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19

Definitely you shall use frontal lighting. Mostly so called fill-in flash. The second option: HDR with at least 3 shots to get high, mid and low tones.


17

There are many improvements that could be made here. Firstly, you need to use a much longer exposure, and a lower ISO setting. Get a tripod, even a cheap one, and use mirror lockup. Could do with stopping down a bit further for depth of field. Post processing You might be able to get away with your current shots, with some post processing. Here I've taken ...


17

This is the situation when you use fill-flash. Contrary to common belief, flash is NOT to be used in darkness. In darkness flash lights up the foreground and leaves background pitch black. Flash is best used to outshine bright light you can't control (like sun) so you can bring dark foreground up to bright background. This will most likely create white ...


16

Ruined? That's a great photo! (If you were going for a sort of Halloween effect.) The position of the key light – off to the side and elevated – was perfect for this subject, and is typical of how beauty dishes are used. Now, if you didn't want the shadow here are things to consider: Using a single source you can't have the subject against a ...


15

What you encountered is the dynamic-range limit of your camera. All cameras and films have a limit to the dynamic-range they capture and scenes where the contrast is too high will always cause exactly this kind of problem. For cases with moving subjects, like a wedding, they are two avenues to diminish the issue: Reframe so that your subject is surrounded ...


15

This is motion blur caused by 'panning'. Ideally, you would use a tripod or monopod and track the car (panning) as it's moving with a relatively slow shutter speed. The background will blur as you move the camera, but the car will stay in focus as it's relative position with the camera hasn't changed. The slower your shutter speed the harder it will be to ...


14

The white background effect is usually done by lighting the background and the subject separately, you can't do this with such a small box. There are no camera settings that will help you because your problem is that the difference in brightness between the background and subject is too small - and everything that makes the picture darker or brighter ...


14

Graphic Design Stack Exchange: How to cut how hair accurately Advanced hair extraction tutorial First off, plugins and simpler methods are available. This is if you want to get higher quality results. I'll be using this photo from Photo by Ariana Prestes on Unsplash.com: Note: I'm going to be doing the body in a separate layer so I'll be ignoring it for ...


13

To make the inverse square law work for you, you need to get the light as close to the subject as possible, and move the subject away from the background as much as possible. It will also help if you can "flag" the light so it doesn't strike the background, at least not in the angle of view of the camera.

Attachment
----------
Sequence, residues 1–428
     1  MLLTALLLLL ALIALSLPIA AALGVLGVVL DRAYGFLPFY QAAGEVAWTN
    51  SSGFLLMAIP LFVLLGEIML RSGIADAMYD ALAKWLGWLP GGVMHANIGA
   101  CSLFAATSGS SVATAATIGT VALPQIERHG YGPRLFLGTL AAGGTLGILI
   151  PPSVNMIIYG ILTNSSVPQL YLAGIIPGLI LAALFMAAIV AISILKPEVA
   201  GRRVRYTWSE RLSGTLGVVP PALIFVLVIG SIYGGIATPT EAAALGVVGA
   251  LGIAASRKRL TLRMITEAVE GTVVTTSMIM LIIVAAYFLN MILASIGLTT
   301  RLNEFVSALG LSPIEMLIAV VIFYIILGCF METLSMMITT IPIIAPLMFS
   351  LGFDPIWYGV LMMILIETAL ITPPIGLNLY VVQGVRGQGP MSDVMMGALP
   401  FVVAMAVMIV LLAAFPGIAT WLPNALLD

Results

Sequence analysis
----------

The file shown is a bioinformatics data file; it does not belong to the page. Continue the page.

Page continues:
12

The color replacement tool isn't working for you because its default mode is "Color", which changes hue and saturation, but not luminosity (brightness/value). That's why you get the blue or the gray→gray effect. Changing this the tool's mode to Luminosity may get you what you want. I don't have Photoshop, so I'm not the best-suited to answer that. For an ...


11

Despite the name of your modifier (Profoto White Softlight 20.5" Reflector), this is no soft light at all. The light source is far away and small enough to produce hard light on the subject. The most common property that makes light hard or soft is how smooth the shadows are. This can be seen from the shadow under the chin on the neck. The shadow has a sharp ...


10

Well, you need lighting gear, so this is a LOT easier to do if you can buy lighting gear like flashes, stands, and radio triggers. The way a white background is achieved in studio photography is by creating lighting zones. The subject is in one zone, and the background is in another, and each of these zones has a different level of light. When the ...


10

The difference between the outside parts of the scene and the inside parts of the scene are too great for your camera (or pretty much any camera) to properly record both. You have two basic options: Add more light to the indoor parts of the scene. The best results will be with strategically placed off camera light sources that won't cause distracting ...


9

You have several opportunities to improve your results! The first thing I would do is increase the light enough to get the ISO down to native sensitivity for your camera. Probably ISO 100 or 200. You can get the same depth of field (DoF) by increasing the focal length and the focus distance by the same proportion. This will improve the perspective and your ...


9

It can be hard to pick up, but the shadows on the wall behind the backdrop in a couple of shots should be telling you that there is a light immediately behind the subject. There is one picture with the subject over a large puddle or pool of water, and that one's the giveaway: if you look at the reflection, you can see that there is a small light stand in ...